A distributed computing library like Dask is a great tool for speeding up machine learning model training. We’ll show a few methods for achieving performance boosts by knowing when and how to use techniques like batching, scattering, and tree-reduction.
Distributing Model Training
In supervised machine learning, models are often trained by defining a problem-specific loss function and trying to minimize it. Intuitively, the loss function quantifies some measure of how different model predictions are compared to the training data labels for a given set of parameter values; the best-known example of this is minimizing the sum-of-squared errors when fitting a linear regression model. In practice, this is done by using first- or second-order optimization algorithms (gradient descent, SGD, Newton’s method, etc.) to search for optimal parameters which minimize the loss function. This broad description of training applies to many popular models, including:
- Linear regression
- Logistic regression
- Support Vector Machines
- Neural Networks
The loss function in these situations can often be written as the sum of loss for the individual training examples (maybe with some additional regularization terms):
where R(θ) is a regularization term. Linearity of the derivative then gives us the convenient formulation of the gradient with respect to the parameters :
As such, we can easily distribute computations of the loss and its gradient (and hessian, etc.) by letting multiple threads/cores/cluster workers each compute the loss/gradient for individual training examples concurrently, then gathering and summing the results.
Dask for Distributed Computing in Python
Dask is a popular library for scalable distributed computing in Python. It allows you to distribute tasks on various clusters ranging from a few nodes running locally on your laptop up to thousands of nodes running on a server. Other libraries exist with similar functionality, but this post focuses specifically on how to speed up training in Dask.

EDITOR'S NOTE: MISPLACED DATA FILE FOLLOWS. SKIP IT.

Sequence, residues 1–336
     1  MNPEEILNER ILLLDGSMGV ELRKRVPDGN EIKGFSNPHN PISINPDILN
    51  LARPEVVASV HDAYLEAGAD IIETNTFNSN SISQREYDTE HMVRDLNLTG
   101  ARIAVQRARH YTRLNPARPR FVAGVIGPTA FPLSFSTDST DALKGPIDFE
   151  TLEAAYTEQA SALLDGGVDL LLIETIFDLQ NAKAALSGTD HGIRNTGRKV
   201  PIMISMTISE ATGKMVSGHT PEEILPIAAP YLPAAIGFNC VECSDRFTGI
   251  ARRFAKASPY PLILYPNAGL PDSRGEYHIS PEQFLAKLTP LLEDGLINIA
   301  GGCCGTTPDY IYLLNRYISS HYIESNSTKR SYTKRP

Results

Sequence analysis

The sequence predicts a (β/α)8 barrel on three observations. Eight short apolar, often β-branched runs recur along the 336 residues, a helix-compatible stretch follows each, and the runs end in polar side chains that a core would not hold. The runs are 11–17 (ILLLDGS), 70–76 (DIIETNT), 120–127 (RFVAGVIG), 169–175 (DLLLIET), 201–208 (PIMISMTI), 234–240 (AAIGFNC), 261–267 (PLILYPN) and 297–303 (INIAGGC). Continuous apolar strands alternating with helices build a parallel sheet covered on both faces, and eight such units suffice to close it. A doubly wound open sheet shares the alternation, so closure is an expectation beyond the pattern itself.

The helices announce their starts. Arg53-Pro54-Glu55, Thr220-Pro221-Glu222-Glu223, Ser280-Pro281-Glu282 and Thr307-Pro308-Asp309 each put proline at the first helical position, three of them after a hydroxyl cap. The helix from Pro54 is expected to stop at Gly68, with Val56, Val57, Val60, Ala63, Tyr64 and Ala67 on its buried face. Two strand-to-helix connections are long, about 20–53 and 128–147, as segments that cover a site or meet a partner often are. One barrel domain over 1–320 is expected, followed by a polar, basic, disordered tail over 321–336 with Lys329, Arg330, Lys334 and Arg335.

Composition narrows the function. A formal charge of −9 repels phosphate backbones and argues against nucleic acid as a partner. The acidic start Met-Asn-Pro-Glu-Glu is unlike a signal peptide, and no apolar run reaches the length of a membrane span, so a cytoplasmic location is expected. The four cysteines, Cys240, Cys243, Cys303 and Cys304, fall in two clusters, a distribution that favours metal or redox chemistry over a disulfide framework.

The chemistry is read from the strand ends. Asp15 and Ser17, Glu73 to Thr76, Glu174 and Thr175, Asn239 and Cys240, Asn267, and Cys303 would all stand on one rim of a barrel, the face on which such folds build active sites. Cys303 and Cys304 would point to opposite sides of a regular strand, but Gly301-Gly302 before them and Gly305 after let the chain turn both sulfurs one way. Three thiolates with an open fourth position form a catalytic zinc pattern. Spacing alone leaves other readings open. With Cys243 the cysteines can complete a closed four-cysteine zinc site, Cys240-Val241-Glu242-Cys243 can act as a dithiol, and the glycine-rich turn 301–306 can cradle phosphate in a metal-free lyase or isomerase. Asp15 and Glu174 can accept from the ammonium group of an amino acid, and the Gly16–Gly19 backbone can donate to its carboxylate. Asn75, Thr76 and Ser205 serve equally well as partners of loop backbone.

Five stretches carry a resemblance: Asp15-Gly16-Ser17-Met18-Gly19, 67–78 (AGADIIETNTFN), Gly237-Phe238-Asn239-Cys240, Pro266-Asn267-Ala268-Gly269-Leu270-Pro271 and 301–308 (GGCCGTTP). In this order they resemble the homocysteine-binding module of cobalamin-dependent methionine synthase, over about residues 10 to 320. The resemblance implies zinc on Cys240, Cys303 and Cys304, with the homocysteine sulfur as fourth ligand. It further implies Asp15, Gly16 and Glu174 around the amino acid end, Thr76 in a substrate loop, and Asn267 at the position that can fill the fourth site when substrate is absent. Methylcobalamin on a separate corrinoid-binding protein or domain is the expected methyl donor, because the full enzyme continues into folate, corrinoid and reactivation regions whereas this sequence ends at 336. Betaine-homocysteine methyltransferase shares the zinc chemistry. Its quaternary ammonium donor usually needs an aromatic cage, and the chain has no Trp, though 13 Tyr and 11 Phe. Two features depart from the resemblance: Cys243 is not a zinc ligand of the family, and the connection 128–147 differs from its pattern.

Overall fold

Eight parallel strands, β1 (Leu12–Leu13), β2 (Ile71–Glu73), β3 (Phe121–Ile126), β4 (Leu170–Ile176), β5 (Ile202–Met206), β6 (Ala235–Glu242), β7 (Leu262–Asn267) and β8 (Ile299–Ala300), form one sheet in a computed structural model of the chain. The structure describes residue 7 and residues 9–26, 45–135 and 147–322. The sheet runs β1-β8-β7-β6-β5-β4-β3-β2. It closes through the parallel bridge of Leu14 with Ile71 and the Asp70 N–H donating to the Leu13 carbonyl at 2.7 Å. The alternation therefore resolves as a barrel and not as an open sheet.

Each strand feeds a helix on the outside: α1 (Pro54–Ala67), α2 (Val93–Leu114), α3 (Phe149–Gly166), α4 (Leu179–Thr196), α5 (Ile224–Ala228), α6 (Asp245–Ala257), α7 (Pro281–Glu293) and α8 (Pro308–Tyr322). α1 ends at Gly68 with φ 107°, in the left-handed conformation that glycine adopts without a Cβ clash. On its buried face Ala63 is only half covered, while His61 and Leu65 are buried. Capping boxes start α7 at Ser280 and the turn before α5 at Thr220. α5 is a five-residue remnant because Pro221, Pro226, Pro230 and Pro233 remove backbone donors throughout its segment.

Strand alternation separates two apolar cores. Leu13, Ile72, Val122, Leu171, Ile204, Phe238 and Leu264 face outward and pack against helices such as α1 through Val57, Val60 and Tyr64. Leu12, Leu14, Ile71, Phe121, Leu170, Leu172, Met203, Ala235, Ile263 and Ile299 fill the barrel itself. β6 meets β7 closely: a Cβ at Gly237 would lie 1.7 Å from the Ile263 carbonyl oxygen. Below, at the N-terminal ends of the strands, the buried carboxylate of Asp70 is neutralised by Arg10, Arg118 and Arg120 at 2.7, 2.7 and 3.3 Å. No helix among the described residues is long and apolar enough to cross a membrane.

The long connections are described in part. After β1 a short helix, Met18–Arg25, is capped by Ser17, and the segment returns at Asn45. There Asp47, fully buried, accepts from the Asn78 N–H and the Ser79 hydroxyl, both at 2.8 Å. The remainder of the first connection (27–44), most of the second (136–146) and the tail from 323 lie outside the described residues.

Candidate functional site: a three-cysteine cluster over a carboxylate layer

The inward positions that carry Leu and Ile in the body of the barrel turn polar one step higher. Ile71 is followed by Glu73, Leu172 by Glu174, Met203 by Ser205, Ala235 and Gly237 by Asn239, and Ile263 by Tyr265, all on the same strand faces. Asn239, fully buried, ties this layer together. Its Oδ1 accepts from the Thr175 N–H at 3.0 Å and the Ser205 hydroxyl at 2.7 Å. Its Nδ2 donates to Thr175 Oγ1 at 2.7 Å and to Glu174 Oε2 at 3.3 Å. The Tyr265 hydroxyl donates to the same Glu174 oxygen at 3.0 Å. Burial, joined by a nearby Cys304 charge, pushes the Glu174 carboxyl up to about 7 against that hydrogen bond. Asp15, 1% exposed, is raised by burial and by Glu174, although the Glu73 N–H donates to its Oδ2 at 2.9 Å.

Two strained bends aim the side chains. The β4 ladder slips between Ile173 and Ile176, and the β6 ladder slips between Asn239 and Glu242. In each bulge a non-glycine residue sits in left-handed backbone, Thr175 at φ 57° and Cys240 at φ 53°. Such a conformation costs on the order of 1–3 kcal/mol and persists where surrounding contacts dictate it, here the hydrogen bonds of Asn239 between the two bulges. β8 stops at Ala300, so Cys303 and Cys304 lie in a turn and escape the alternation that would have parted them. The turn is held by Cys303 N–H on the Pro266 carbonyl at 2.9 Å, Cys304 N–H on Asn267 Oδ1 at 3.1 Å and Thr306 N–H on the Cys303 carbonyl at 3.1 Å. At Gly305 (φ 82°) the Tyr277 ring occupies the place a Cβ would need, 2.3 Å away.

Let’s look at a simple example. Here we have a list of examples (examples) and the parameters for the current training iteration as params:
return loss, gradient def compute_loss(examples, params, client):
return sum(r for r in results), sum(r for r in results)
This is the basic formula for distributing the loss computation using Dask. The performance gains from this basic implementation, however, may be lacking for reasons that will be explained shortly. The remainder of this post will discuss ways to improve results.
Transmitting Data (scatter)
In the above example, the parameters array may be very large. Furthermore, we could have a need to transmit other large pieces of data to the workers, like a Hessian product vector. Such large pieces of data which are shared between all workers can instead be scattered beforehand using client.scatter():
params_future = client.scatter(params, broadcast=True)
futures = client.map(single_example_loss, examples,
client.scatter(…, broadcast=True) efficiently sends a piece of data to all workers, which can eliminate unnecessary network time during a client.map().
Be aware of the following:
- Scattering is usually unnecessary for small pieces of data, and in this case it may slow things down slightly because it creates some additional overhead.
- There are some known bugs in Dask when using client.scatter(). Be aware of these, as they can cause your training routine to crash. Scattering is not always the optimal thing to do.
Submitting Tasks (batching)